Since 1992, there have been more than 6,600 major climate, weather and water disasters worldwide, causing more than $1.6 trillion in damage and killing more than 600,000 people, according to the Centre for Research on the Epidemiology of Disasters in Belgium, which tracks the world’s catastrophes.
While climate-related, not all can be blamed on man-made warming or climate change. Still, extreme weather has noticeably increased over the years, says Debby Sapir, who runs the center and its database. From 1983 to 1992 the world averaged 147 climate, water and weather disasters each year. Over the past 10 years, that number has jumped to an average 306 a year.
It’s almost a sure thing that 2014 will go down as the hottest year in 135 years of record keeping, meteorologists at NOAA’s National Climatic Data Center say. If so, this will be the sixth time since 1992 that the world set or tied a new annual record for the warmest year.
The globe has broken six monthly heat records in 2014 and 47 since 1992. The last monthly cold record set was in 1916.
So the average annual temperature for 2014 is on track to be about 58.2 degrees (14.6 degrees Celsius), compared with 57.4 degrees (14.1 degrees Celsius) in 1992. The past 10 years have averaged a shade below 58.1 degrees (nearly 14.5 degrees Celsius) — six-tenths of a degree warmer than the average between 1983 and 1992.
The world’s oceans have risen by about 3 inches since 1992 and gotten a tad more acidic — by about half a percent — thanks to chemical reactions caused by the absorption of carbon dioxide, scientists at NOAA and the University of Colorado say.
Every year sea ice cover shrinks to a yearly minimum size in the Arctic in September — a measurement that is considered a key climate change indicator. From 1983 to 1992, the lowest it got on average was 2.62 million square miles. Now the 10-year average is down to 1.83 million square miles, according to the National Snow and Ice Data Center.
That loss — an average 790,000 square miles since 1992 — overshadows the slight gain in sea ice in Antarctica, which has seen an average gain of 110,000 square miles of sea ice over the past 22 years.
The world’s population in 1992 was 5.46 billion. Today, it’s nearly a third higher, at 7.18 billion. That means more carbon pollution and more people who could be vulnerable to global warming.
The effects of climate change can be seen in harsher fire seasons. Wildfires in the western United States burned an average of 2.7 million acres each year between 1983 and 1992; now that’s up to 7.3 million acres from 1994 to 2013, according to the National Interagency Fire Center.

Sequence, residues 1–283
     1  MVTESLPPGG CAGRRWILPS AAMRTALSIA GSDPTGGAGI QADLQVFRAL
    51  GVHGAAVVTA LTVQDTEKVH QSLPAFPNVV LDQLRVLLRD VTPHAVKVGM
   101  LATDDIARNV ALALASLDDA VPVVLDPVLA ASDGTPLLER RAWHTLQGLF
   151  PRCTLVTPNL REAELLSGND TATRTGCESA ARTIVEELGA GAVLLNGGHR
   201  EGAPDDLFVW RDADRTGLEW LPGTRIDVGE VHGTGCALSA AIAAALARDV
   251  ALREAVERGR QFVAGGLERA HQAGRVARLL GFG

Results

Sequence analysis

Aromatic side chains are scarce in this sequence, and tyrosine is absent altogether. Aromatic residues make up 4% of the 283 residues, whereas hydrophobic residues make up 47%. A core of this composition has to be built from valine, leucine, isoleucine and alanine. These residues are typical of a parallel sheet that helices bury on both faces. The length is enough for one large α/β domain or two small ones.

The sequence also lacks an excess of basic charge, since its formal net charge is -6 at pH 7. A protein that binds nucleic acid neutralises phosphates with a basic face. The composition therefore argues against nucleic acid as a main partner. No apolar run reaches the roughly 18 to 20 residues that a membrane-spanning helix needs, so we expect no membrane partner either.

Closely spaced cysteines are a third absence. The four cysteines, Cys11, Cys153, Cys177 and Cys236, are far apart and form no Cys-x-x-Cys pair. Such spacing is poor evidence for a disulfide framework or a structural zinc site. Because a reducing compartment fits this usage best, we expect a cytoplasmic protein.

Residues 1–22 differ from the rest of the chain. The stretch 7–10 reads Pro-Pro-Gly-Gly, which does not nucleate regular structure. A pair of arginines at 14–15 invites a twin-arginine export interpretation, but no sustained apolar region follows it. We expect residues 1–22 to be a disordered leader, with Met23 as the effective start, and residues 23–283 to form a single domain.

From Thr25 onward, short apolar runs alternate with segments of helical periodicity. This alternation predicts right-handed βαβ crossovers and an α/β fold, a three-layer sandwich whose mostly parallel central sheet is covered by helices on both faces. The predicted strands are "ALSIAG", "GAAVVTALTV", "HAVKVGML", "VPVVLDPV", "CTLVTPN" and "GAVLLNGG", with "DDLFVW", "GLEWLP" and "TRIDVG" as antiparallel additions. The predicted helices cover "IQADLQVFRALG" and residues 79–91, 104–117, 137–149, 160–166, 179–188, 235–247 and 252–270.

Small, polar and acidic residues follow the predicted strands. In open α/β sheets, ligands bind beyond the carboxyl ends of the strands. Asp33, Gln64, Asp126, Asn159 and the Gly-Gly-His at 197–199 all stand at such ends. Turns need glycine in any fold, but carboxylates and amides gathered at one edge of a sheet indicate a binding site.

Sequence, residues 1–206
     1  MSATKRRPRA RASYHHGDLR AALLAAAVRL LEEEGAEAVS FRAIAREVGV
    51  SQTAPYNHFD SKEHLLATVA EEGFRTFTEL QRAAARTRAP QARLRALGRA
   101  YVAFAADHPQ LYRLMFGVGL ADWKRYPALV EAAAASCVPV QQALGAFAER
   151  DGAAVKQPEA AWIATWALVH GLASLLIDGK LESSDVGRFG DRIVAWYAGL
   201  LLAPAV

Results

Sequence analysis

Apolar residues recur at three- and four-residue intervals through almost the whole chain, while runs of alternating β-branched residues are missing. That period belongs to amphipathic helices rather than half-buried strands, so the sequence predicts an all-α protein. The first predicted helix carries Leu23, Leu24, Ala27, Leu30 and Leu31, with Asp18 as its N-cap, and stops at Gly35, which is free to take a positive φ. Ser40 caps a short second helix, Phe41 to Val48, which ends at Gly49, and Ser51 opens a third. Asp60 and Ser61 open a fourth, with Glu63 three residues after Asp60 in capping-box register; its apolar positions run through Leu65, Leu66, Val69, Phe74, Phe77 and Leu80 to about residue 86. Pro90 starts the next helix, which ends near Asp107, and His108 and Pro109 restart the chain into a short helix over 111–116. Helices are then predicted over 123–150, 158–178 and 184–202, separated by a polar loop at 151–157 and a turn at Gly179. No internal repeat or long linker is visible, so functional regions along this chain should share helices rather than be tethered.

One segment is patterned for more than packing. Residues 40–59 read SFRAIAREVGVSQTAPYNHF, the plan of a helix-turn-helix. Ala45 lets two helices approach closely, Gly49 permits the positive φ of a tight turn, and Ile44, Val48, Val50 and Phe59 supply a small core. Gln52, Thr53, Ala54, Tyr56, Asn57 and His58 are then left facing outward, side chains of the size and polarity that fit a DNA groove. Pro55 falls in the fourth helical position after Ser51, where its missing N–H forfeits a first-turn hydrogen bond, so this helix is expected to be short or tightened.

And some of the biggest climate change effects on land are near the poles, where people don’t often see them. From 1992 to 2011, Greenland’s ice sheet lost 3.35 trillion tons of ice, according to calculations made by scientists using measurements from NASA’s GRACE satellite. Antarctica lost 1.56 trillion tons of ice over the same period.
Scientists simply point to greenhouse gas emissions, mostly carbon dioxide, that form a heat-trapping blanket in our air.
There’s no need to average the yearly amount of carbon dioxide #pollution: It has increased steadily, by 60 percent, from 1992 to 2013. In 1992, the world spewed 24.9 billion tons of carbon dioxide; now it is 39.8 billion, according to the Global Carbon Project, an international consortium.
China has tripled its emissions from 3 billion tons to 11 billion tons a year. The emissions from the U.S. have gone up more slowly, about 6 percent, from 5.4 billion tons to 5.8 billion tons. India also has tripled its emissions, from 860 million tons to 2.6 billion tons. Only European countries have seen their emissions go down, from 4.5 billion tons to 3.8 billion tons.
WHAT SCIENTISTS SAY
“Overall, what really strikes me is the missed opportunity,” Andrew Dessler, a climate scientist at Texas A&M University, said in an email.
“We knew by the early 1990s that global warming was coming, yet we have done essentially nothing to head off the risk. I think that future generations may be justifiably angry about this.”"The numbers don’t lie," said Michael Mann, a climate scientist at Penn State. "Greenhouse gases are rising steadily and the cause is fossil fuel burning and other human activities. The globe is warming, ice is melting and our climate is changing as a result.